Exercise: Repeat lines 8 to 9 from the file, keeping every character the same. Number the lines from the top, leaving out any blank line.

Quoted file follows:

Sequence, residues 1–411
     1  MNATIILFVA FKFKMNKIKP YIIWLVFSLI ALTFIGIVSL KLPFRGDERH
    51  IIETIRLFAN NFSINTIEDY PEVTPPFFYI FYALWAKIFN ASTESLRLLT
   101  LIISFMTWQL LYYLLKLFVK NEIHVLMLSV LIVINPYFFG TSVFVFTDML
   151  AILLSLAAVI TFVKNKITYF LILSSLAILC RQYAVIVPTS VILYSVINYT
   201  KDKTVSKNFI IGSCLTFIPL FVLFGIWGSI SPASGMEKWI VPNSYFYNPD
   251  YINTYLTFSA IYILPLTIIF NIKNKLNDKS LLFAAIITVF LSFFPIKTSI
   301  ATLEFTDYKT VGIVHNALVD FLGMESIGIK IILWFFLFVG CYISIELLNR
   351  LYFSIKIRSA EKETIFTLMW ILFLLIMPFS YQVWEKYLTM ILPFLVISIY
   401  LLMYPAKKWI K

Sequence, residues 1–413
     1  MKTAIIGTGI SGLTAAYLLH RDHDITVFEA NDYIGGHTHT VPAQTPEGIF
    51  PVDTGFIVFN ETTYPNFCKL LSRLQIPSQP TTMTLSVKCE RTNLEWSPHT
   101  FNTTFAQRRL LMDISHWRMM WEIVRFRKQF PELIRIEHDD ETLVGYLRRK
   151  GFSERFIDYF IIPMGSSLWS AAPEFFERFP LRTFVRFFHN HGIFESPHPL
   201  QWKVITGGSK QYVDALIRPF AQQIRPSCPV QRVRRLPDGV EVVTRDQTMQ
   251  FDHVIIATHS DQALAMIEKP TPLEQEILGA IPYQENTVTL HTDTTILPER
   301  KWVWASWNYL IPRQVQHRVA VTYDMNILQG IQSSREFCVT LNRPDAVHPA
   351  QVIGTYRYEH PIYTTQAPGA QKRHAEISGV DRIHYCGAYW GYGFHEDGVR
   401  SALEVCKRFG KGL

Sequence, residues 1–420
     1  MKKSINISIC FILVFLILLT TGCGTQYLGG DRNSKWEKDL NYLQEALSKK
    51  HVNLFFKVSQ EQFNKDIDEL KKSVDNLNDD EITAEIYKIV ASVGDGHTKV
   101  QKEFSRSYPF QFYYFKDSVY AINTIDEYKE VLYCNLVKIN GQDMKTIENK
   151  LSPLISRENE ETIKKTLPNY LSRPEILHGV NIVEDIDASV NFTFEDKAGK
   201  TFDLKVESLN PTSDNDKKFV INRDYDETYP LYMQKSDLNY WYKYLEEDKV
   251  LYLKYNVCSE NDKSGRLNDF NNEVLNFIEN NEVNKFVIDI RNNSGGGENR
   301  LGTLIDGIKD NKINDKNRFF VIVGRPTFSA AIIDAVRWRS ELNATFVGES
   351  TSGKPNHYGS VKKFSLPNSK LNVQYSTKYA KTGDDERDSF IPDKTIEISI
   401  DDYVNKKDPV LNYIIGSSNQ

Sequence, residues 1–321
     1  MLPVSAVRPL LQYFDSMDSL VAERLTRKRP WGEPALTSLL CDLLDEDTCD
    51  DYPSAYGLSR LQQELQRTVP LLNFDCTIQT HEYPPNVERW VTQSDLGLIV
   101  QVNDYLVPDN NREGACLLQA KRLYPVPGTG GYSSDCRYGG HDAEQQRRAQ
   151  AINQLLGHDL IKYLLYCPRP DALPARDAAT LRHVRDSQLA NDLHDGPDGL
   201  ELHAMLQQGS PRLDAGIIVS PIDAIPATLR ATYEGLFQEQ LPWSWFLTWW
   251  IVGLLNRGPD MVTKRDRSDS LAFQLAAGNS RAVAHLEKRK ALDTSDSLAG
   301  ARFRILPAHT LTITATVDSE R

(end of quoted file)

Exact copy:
   301  ATLEFTDYKT VGIVHNALVD FLGMESIGIK IILWFFLFVG CYISIELLNR
   351  LYFSIKIRSA EKETIFTLMW ILFLLIMPFS YQVWEKYLTM ILPFLVISIY